Selenium hexafluoride

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Selenium hexafluoride
IUPAC name
Selenium hexafluoride
Other names
Selenium(VI) fluoride, Selenium fluoride
3D model (JSmol)
ECHA InfoCard 100.149.506
RTECS number VS9450000
Molar mass 192.9534 g/mol
Appearance colourless gas
Density 0.007887 g/cm3[1]
Melting point −34.6 °C (−30.3 °F; 238.6 K)[1]
Boiling point −46.6 °C (−51.9 °F; 226.6 K) sublimes
Vapor pressure >1 atm (20°C)[2]
−51.0·10−6 cm3/mol
Orthorhombic, oP28
Pnma, No. 62
octahedral (Oh)
1030 kJ/mol[3]
Main hazards toxic, corrosive
NFPA 704
Flammability code 0: Will not burn. E.g., waterHealth code 3: Short exposure could cause serious temporary or residual injury. E.g., chlorine gasReactivity code 0: Normally stable, even under fire exposure conditions, and is not reactive with water. E.g., liquid nitrogenSpecial hazards (white): no codeNFPA 704 four-colored diamond
Lethal dose or concentration (LD, LC):
10 ppm (rat, 1 hr)
10 ppm (mouse, 1 hr)
10 ppm (guinea pig, 1 hr)[4]
US health exposure limits (NIOSH):
PEL (Permissible)
TWA 0.05 ppm (0.4 mg/m3)[2]
REL (Recommended)
TWA 0.05 ppm[2]
IDLH (Immediate danger)
2 ppm[2]
Except where otherwise noted, data are given for materials in their standard state (at 25 °C [77 °F], 100 kPa).
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Infobox references

Selenium hexafluoride is the inorganic compound with the formula SeF6. It is a colourless gas described as having a "repulsive" odor.[5] It is not widely encountered and has no commercial applications.[6]

Structure, preparation, and reactions[edit]

Like many compounds of selenium, SeF6 is hypervalent. The compound has octahedral molecular geometry with an Se−F bond length of 168.8 pm.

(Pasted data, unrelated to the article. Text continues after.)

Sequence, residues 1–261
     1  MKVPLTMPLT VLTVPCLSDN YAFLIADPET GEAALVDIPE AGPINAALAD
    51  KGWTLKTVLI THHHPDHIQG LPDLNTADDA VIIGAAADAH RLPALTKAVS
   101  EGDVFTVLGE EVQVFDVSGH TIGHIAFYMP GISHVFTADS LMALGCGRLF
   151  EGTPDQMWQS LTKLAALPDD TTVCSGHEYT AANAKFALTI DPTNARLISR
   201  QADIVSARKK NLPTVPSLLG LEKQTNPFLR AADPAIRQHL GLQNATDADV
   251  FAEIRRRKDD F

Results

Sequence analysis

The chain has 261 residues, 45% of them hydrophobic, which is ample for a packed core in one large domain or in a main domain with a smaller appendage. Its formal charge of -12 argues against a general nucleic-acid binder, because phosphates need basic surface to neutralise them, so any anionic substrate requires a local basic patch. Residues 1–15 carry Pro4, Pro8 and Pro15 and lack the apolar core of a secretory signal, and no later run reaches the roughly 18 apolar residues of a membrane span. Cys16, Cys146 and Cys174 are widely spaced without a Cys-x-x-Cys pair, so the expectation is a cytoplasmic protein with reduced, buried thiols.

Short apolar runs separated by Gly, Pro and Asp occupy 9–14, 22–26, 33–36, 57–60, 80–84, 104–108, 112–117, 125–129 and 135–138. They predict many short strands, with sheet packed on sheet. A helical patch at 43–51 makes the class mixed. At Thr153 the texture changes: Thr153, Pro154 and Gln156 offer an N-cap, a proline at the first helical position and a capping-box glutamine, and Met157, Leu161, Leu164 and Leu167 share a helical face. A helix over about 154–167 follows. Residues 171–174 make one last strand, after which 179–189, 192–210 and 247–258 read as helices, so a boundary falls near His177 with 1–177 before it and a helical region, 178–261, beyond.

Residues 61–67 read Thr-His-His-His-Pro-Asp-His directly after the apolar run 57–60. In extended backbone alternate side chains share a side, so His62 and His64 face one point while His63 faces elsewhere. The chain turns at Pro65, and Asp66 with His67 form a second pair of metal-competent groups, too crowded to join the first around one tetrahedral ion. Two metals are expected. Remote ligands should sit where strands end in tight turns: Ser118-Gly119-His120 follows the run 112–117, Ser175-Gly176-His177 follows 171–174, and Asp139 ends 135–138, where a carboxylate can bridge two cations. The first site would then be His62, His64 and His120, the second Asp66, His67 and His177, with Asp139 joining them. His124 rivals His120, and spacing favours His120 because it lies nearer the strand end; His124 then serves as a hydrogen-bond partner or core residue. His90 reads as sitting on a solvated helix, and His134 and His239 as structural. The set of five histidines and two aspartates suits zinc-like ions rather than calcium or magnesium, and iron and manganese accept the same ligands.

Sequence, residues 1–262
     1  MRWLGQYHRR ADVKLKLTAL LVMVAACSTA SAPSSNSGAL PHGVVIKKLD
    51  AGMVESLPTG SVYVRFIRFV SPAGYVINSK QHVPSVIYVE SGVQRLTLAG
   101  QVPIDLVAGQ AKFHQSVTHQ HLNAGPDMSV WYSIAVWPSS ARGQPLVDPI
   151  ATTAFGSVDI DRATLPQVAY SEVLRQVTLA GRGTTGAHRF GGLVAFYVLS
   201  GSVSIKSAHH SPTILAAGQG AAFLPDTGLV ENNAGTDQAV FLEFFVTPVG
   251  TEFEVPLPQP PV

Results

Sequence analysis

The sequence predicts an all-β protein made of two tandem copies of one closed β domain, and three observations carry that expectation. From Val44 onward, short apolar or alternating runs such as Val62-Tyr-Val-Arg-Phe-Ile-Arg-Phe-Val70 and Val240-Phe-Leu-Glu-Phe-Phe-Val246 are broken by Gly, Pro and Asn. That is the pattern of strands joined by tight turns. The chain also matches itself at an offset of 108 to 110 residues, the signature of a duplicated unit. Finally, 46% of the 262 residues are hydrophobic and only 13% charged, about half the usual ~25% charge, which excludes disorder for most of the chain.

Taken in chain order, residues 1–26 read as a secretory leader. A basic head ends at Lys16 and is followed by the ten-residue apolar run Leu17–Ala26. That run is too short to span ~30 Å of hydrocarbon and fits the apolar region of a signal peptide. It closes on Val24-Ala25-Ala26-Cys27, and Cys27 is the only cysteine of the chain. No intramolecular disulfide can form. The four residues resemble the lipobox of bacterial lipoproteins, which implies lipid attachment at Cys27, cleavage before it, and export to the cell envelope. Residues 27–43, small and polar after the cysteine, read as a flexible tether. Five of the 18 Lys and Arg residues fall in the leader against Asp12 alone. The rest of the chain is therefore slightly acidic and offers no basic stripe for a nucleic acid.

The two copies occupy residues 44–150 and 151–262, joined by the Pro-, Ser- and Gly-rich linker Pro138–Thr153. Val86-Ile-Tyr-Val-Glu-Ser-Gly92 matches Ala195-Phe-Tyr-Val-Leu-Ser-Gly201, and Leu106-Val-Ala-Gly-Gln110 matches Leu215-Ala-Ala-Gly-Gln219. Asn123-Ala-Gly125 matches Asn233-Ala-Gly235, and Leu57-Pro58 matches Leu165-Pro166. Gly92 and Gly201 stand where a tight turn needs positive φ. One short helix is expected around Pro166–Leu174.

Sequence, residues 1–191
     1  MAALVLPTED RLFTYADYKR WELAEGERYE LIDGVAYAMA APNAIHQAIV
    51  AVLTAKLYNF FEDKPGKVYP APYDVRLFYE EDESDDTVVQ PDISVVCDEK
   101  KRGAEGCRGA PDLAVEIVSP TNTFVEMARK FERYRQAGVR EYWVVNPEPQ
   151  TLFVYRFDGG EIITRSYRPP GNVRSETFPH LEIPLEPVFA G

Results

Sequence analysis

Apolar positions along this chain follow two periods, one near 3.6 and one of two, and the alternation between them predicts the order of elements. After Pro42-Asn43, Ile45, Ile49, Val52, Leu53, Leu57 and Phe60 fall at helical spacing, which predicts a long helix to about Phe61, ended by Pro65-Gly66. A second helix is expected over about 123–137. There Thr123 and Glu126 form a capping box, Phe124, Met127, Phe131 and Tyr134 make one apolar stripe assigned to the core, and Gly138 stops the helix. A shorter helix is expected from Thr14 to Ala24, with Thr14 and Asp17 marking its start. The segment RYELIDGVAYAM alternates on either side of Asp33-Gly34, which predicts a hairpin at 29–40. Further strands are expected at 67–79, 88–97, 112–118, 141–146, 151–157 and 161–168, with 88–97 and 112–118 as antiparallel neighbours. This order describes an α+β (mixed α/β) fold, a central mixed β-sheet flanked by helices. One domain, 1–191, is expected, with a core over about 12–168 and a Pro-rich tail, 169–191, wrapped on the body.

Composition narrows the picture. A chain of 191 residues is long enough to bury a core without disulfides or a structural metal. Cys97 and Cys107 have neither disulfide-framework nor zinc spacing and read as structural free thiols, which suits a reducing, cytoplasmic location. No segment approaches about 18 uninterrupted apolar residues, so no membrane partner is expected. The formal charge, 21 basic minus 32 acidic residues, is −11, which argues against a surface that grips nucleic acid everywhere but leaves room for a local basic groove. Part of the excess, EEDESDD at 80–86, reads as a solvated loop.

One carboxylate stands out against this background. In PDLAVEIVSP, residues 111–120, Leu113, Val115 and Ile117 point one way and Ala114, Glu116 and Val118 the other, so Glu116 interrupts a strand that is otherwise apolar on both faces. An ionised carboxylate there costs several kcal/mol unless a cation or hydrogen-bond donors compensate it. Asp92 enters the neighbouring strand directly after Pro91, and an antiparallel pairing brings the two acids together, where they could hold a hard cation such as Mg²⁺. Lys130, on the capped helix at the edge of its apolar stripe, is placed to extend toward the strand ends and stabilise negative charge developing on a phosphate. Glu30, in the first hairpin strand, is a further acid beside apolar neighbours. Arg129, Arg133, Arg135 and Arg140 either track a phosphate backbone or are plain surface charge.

SeF6 can be prepared from the elements[7] or by the reaction of bromine trifluoride (BrF3) with selenium dioxide. The crude product is purified by sublimation.

The relative reactivity of the hexafluorides of S, Se, and Te follows the order TeF6 > SeF6 > SF6, the latter being completely inert toward hydrolysis until high temperatures. SeF6 also resists hydrolysis.[3] The gas can be passed through 10% NaOH or KOH without change, but reacts with gaseous ammonia at 200 °C.[8]


Although selenium hexafluoride is quite inert and slow to hydrolyze, it is toxic even at low concentrations,[9] especially by longer exposure. In the U.S., OSHA and ACGIH standards for selenium hexafluoride exposure is an upper limit of 0.05 ppm in air averaged over an eight-hour work shift. Additionally, selenium hexafluoride is designated as IDLH chemical with a maximum allowed exposure limit of 2 ppm.[10]


  1. ^ a b Lide, D. R., ed. (2005). CRC Handbook of Chemistry and Physics (86th ed.). Boca Raton (FL): CRC Press. ISBN 0-8493-0486-5.
  2. ^ a b c d "NIOSH Pocket Guide to Chemical Hazards #0551". National Institute for Occupational Safety and Health (NIOSH).
  3. ^ a b Wiberg, E.; Holleman, A. F. (2001). Inorganic Chemistry. Elsevier. ISBN 0-12-352651-5.
  4. ^ "Selenium hexafluoride". Immediately Dangerous to Life and Health Concentrations (IDLH). National Institute for Occupational Safety and Health (NIOSH).
  5. ^ "Material Safety" (PDF). Retrieved 2010-07-24.
  6. ^ Langner, B. E., "Selenium and Selenium Compounds", Ullmann's Encyclopedia of Industrial Chemistry, Weinheim: Wiley-VCH, doi:10.1002/14356007.a23_525
  7. ^ Yost, D. M.; Simons, J. H. (1939). "Sulfur, Selenium, and Tellurium Hexafluorides". Inorganic Syntheses. 1: 121–122. doi:10.1002/9780470132326.ch44.
  8. ^ Krebs, B.; Bonmann, S.; Eidenschink, I. (1994). "Selenium-Inorganic Chemistry". In King, R. B. Encyclopedia of Inorganic Chemistry. John Wiley & Sons. ISBN 0-471-93620-0.
  9. ^ "Medical Management Guidelines for Selenium Hexafluoride (SeF6)". CDC ATSDR. Retrieved 2010-07-24.
  10. ^ Documentation for Immediately Dangerous To Life or Health Concentrations (IDLHs)

External links[edit]